mittee appointed in 1893 to investigate
working of the Brook's high license act,
$715; to pay ex-Representative Albert
Crawford for money refunded to the State
Treasury, $1,870; to pay necessary expenses
of joint committee appointed to investigate
how many unnaturalized persons of for
eign birth are now quartered upon the
State in the charitable and criminal in
stitutions, (3,000; to pay joint committee
charged with investigation ot the Xorris
town and Wernersville Hospitals, $5,768,-
80; to pay expenses of women commisson
ers to the Cotton States Exposition, SB,-
000; to pay funeral expense* of the late
Representative W. B. Lemon, $1,402 10;
to pay necessary traveling expenses of
State Board of agriculture, $2,000, provided
that vacancies in the membership of the
Board shall hereafter be filled; to pay for
portraits of ex-Oov. Pattison and ex.Lt.
Gov. Watres, SSOO each; to pay expenses
attending the counting of the vote fcr
State Treasurer next January, $1,000; fcr
Harrisburg fire companies, $2,200; to pay
deficiency in general appropriation act of
1893 and interest on public debt, $27 805,-
50; for support of public schools, sll, 000,-
000; to pay county superintendents, $99,.
000; to pay for education of teachers in
the Normal Schools, $130,000; to repay
Charles E Voorheos. Chief Clerk nf rbe
last House, amount expended lor extra
clerk hire|in transcribing r00m.5975; fi>r ex
penses of House Committee on appropria
tion, $1,020,80: Senate Committee <m Ap
propriations, $3,500; to pav j-idgns of Su
perior Court, $105,000. 'wo years.
After the L7lllar« » lj.-u'urd »
noon the members of the House g.-uheret!
in front ol the west portico anil promoted
the venerable Georg.i V. Linrenco, of
Washington, with a handsomi h.r-o- snd
carriage. Governor Hasting* maile the
presentation speech, and Hi. La-vret:r«
responded feelingly. Mr L-twreucu with
several other w-stern members will drive
to their hommi by the old ro.» 1 over which
the western legislators camo to Harrisburg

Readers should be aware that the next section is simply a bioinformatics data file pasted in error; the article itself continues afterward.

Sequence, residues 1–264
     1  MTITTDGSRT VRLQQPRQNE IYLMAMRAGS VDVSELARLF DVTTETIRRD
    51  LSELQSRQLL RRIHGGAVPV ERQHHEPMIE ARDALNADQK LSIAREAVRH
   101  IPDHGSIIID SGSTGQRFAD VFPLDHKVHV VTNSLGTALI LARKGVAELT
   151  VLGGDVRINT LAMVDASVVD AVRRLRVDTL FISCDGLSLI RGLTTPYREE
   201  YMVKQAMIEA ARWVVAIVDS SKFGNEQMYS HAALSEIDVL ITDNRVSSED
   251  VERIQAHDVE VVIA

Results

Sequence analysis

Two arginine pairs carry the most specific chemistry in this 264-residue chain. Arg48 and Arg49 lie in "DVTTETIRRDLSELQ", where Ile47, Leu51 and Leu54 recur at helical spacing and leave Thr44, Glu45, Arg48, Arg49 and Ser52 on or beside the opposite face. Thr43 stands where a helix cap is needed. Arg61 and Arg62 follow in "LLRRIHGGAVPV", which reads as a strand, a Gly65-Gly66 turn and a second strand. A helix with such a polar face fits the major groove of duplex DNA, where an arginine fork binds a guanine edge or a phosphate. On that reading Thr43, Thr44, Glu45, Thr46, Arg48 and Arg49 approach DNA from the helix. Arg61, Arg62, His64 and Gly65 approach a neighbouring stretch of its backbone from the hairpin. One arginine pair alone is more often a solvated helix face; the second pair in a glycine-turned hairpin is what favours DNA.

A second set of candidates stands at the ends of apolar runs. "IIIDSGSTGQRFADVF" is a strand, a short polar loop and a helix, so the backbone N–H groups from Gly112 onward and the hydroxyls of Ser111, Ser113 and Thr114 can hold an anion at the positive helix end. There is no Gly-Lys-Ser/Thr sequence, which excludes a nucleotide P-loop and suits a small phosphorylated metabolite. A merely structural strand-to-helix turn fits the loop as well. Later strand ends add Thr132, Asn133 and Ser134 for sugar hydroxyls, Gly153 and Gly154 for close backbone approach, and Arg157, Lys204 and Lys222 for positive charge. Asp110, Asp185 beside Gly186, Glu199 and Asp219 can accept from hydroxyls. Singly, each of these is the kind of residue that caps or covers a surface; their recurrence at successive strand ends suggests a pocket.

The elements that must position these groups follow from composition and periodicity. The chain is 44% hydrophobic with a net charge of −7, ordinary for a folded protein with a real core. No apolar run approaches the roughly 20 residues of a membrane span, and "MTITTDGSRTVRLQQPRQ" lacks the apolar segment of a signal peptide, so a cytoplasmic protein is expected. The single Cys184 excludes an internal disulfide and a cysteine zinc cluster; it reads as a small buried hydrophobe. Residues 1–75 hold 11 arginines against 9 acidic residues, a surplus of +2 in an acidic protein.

fifty years ago.
The Superior Court bill is in the bands
of the Governor. It creates a Superior
or intermediate Court of seven Judges tt
$7,500 a year each, and puts all cases of
under SI,OOO in their hands.
The House passed the Kennedy school
bill; the House and Senate concurred om
the Judicial apportionment, which gives
Waehington and Westmoreland additional
An immense number of bills are in the
Governor's hands awaiting his disposal,
and among them the one repealing the
special act regarding cattle etc, running
at largo in Harrisville borougb; also the
Woods Water Works bill, which he told
Mr. Moore, he would veto; also the Hos
pital bill extending the time two-years,
and the bill giving Slipperyrock Normal
The Flinn Road bill now in the Govern
or's hands, gives the County Commission
ers, two Grand Juries and the Court the
right to deolare any road or piece of road
a state roid and improve it with money
raised by a cash tax on the whole county
cot to exceed two mills.
The Smith bill regarding the distribu
tion of the School Fund was defeated.
The Philadelphia Lexow Committee
organized by the election of W.H. An
drews as Chairman and senator Thomas
for Secretary. There wa3 a full attendance.
The situation was talked over, and it was
determined to push the investigation with
more severity than ever. Eyery Martin
scalp in sight will be taken, becanse the
Martin-Porter orowd was strong enough
by combining with the Allegheny county
and the administration forces to defeat the
Penrose appropriation. The next meet
ing will be held some time in August.
The date was mot fixed, but it will be at
the call turn over the chair. It is
the intention not to turn over Philadelphia
until after the general election next fall.
All the apportionmsit billswere killed in
the house, (though the senators were over
there lobbying against them) excepting
the Judicial, Mr. Douthett yoted for the
Judicial, Senatorial and Congessional ap
portionments; and against the Legislative
bill on acoount of its giving the cities too
many members. The bill gave Alleghany
Co. five more members of the House and
Senate, or twenty-five in all; and taking
into consideration its immense foreign
population its representation should be
Slipperyrock Normal is the only one in
i the State that secured a special appropria
Monday morning George V. Lawrence
the veteran representative from Washing
ton county, started to return to his home
by the old m ountain route over *hich he
traveled to Harrisbnrg when first elected
to the Legislature in 1843. The handsome
Kentucky horse and comfortable carriage
presented to him by his fellow members
on Saturday was brought around to his
hotel, and amid the farewells and good
wishes of Httle groups of legislators and
attaches of the Legislature, Mr. Lawrenoe